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Number of posts: 83
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By John Hickman:
Georgia will not be joining the states where serious consideration is being given to raising motor fuel excise taxes. What is sensible and possible in Connecticut, Hawaii, Maryland and Nebraska is sensible but absolutely impossible in Georgia. Opposition to any tax increase has become an Article of Faith among conservative Republicans as unquestionable as their opposition to abortion and gun control. Any attempt to challenge economic dogma on taxes is likely to be terminated with a pious intonation of the phrase “job killer.”
Such discussions end before they begin because tax increases are like visits to the dentist. They are inevitable.
Pause for a moment to salute the courageous coalition of Democrats and Libertarians who dream of creating America’s 51st state: Baja Arizona. What they propose is nothing less than to free Pima County and Tucson from the grasp of an increasingly reactionary state government in Phoenix. Secession is the most difficult of exit options to execute. National governments and sub-national units of government are sometimes willing to allow people to leave but never dirt. Holding territory is part of the hardwiring of every modern State.
The specific obstacles that the Start Our State stalwarts will have to overcome to create Baja Arizona are daunting. Unless or until the constitutional authority exercised by the United States Government decays further – every regime is ultimately mortal even if we don’t want to think about it – both the Arizona state legislature and U.S. Congress would have to vote their approval. Extremely unlikely now to be sure …
You freethinking Yankees go ahead and laugh. When Texas Governor Rick Perry called upon Texans to pray for rain he did nothing more than petty rulers have doing since our species began farming and herding. We need only consult Sir James Frazer’s The Golden Bough to be reminded that, “Of all the things that a public magician sets himself to do for the good of the tribe, one of the chief is to control the weather, and especially to ensure an adequate fall of rain.”
Perry is undoubtedly a very powerful public magician…
Among the cable television series dramatizing subject matter deemed too controversial for broadcast television and violating FCC standards against indecency and obscenity, Showtime’s highly rated Weeds stands out for the sophistication of its challenge to the official narrative in the War on Drugs. How the challenge is executed bears analysis. On first encounter, many critics dismissed Weeds. Struggling to place it one critic described it as occupying the middle ground between HBO series like The Wire and softer fare like Desperate Housewives. The series seemed merely one more satire exploring the emptiness of suburban life and the central character of Nancy Botwin, played by Mary Louise Parker
President Barack Obama’s decision to impose a ‘no fly zone plus’ on Libya obviously worries the gathering swarm of declared, undeclared and/or ‘just in it for the publicity’ Republican presidential candidates, though their reasons probably have less to do with furthering American national interests than with its effect on their chances of being elected in 2012. The most obvious reason for concern is that their reactions have exposed the fragmentation of a once monolithic GOP. Republicans are all over the map on Libya. At one end of the spectrum, Rand Paul opposes any military action in Libya. At the other end of the spectrum, Tim Pawlenty not only demands military action against Libya but also…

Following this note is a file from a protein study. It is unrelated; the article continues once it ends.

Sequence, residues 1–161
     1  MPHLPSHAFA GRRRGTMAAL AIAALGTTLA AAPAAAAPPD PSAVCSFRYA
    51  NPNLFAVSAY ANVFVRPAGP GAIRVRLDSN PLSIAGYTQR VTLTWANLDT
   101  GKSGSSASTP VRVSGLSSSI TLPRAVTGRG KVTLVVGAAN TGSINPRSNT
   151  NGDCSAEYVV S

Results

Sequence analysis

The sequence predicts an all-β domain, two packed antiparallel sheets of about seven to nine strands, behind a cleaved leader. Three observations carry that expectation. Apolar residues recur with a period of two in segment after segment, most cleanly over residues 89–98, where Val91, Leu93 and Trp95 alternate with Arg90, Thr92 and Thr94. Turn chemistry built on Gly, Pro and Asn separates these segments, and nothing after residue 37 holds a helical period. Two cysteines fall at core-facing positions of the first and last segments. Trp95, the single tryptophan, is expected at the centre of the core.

Why did Richard M. Nixon launch the War on Drugs? Despite the immense domestic and international costs from that policy decision, like so much else that issued from our most disastrous presidency, there is no scholarly or popular consensus about his motives. What we know for certain is that drug prohibition had been national public policy in the United States for decades before events during his administration signaled an escalation in such efforts: passage by the U.S. Congress of the Comprehensive Drug Abuse Prevention and Control Act in October 1970, Nixon’s description of drug abuse as “public enemy number one in the United States during a June 1971 press conference, universal urinalysis drug screening for returning U.S. Vietnam War veterans under Operation Golden Flow that same month, creation of the Office of the Office of Drug Abuse Law Enforcement (ODALE) in December 1971, and finally, Nixon’s request that the U.S. Congress establish the Drug Enforcement Administration (DEA) in a July 1973 speech…
There is more than a simple public relations lesson to be learned about the risk of thinking out loud in the recent experience of Kansas State Representative Virgil Peck. During a March 14th meeting of the State House Appropriations Committee on a proposal to deal with the problem of feral pigs by shooting them from helicopters, the 11th District Republican suggested that, “if shooting these immigrating hogs works maybe we have a (solution) to our illegal immigration problem.” Conservative lawmakers would be wise to express their murderous impulses away from microphones. Aerial summary execution of the undocumented as a state immigration policy is shocking enough, but what Peck later said in response to criticism was even more chilling. “I was just speaking as a southeast Kansas person,” he said.